The Loneliness of Lowry shows solitude of Lancashire artist at Abbot Hall Gallery in Kendal

By Ben Miller | 17 July 2010
A picture of a painting of a desolate house in the countryside

(Above) LS Lowry, The Empty House (1934)

Exhibition: The Loneliness of Lowry, Abbot Hall Art Gallery, Kendal, until October 30 2010

LS Lowry is famously quoted as saying that “had I not been lonely, none of my works would have happened.”

This major exhibition, the first for five years outside of Salford’s Lowry Gallery, takes his sense of isolation as a starting point for 50 works in oil and on paper, split into seascapes, landscapes, urban landscapes and portraits from his time painting the mountains of Cumbria and the North-West.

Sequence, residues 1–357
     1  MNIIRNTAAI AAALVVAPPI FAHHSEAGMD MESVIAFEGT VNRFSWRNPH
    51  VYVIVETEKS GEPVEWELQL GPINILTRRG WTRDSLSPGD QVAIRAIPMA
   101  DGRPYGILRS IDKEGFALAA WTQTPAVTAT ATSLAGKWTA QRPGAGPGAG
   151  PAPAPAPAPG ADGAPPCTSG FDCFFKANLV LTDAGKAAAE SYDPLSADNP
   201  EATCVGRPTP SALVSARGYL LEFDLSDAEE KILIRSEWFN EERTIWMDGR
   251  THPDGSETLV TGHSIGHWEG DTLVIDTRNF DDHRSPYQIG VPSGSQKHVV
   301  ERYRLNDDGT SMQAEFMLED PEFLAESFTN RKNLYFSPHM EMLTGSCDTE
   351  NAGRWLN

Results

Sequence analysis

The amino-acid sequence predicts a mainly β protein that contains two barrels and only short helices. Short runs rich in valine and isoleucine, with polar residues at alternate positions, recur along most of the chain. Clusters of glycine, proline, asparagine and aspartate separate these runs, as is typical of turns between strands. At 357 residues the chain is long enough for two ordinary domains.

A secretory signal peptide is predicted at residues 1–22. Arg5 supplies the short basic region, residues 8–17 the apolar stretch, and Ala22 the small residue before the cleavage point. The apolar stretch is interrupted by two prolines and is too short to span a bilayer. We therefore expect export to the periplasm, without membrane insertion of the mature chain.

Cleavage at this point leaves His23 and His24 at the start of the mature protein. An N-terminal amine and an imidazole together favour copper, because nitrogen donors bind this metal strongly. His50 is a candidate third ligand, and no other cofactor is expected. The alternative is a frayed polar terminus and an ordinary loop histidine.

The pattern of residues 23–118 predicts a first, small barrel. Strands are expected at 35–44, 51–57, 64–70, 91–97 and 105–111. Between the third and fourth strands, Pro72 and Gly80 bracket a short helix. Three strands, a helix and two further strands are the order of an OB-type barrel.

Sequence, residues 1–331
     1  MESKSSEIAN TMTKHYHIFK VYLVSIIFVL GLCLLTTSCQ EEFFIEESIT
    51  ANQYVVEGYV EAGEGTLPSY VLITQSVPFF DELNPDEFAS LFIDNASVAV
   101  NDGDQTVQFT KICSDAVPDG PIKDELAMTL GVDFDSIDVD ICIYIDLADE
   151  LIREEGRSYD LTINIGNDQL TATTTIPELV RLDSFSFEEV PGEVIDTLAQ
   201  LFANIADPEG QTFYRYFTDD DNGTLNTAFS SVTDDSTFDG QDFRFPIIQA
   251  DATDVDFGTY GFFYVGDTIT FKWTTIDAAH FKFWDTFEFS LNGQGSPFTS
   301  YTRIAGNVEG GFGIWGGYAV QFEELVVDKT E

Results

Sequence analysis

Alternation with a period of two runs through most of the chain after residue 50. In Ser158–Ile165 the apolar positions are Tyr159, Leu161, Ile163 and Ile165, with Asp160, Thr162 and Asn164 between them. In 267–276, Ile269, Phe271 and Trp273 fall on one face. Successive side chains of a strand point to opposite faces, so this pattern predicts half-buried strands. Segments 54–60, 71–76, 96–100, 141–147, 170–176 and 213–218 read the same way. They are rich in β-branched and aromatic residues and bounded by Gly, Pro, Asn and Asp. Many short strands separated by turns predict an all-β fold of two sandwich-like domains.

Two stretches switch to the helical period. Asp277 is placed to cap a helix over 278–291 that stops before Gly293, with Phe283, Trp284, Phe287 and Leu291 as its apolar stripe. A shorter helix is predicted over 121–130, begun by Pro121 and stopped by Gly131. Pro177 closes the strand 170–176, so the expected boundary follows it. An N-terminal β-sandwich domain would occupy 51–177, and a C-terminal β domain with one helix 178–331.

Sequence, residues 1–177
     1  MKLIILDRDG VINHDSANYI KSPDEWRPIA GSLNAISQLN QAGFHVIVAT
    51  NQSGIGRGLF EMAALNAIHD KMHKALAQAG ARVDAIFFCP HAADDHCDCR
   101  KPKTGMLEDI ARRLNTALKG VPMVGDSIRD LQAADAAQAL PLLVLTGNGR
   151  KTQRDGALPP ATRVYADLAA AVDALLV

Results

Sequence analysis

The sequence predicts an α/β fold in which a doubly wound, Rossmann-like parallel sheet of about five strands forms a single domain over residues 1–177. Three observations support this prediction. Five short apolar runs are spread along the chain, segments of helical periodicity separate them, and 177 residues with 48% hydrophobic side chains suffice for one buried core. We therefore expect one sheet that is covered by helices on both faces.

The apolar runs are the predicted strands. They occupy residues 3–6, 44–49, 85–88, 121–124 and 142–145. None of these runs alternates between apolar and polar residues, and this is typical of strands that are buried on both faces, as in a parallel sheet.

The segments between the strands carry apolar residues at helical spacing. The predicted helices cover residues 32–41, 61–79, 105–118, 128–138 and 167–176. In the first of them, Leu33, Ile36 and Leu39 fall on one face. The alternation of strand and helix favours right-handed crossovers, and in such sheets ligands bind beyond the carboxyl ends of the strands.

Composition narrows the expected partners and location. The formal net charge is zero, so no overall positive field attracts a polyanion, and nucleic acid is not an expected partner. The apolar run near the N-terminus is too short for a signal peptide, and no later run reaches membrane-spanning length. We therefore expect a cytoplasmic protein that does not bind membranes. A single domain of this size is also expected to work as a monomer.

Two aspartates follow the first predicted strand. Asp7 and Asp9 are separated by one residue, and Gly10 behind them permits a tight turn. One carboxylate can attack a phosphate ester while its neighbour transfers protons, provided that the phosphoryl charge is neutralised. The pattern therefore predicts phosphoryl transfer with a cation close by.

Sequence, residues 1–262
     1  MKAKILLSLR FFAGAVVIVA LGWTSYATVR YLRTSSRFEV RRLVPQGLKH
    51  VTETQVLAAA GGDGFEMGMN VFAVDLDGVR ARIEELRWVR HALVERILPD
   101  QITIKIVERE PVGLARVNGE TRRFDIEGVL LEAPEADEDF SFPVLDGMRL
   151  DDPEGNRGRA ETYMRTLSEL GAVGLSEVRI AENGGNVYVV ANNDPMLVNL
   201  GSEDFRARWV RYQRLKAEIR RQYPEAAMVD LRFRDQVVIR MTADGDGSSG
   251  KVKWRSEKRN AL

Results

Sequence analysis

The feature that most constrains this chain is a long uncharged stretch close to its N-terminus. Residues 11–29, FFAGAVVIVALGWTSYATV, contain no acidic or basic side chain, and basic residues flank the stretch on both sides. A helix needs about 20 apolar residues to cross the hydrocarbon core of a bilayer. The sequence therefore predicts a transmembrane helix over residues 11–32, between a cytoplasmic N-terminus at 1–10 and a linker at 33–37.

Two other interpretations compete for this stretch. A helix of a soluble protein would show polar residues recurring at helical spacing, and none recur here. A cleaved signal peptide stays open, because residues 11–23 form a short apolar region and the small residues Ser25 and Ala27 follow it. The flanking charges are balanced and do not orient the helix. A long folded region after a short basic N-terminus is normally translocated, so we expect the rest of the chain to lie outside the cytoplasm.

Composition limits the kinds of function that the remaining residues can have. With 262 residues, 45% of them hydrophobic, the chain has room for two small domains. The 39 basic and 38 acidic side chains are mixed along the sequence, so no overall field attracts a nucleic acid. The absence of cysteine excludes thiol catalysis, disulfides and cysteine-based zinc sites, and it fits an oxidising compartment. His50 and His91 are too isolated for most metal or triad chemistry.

A picture of a painting of a man lying on a wall

Man Lying on a Wall (1957)

Deviating sharply from the industrial scenes Lowry is best associated with, these are pictures of bleak, desolate hills, derelict and empty houses, wastelands and individuals on the fringes of society.

Curator Helen Watson wants to present the artist in a light which will make critics and visitors rethink their perceptions of Lowry. For an artist thought to have made more than 1,000 paintings, the scope for rediscovery always lingers.

Open 10.30am-5pm (closed Sunday). Admission £5.75 (free for under-18s).

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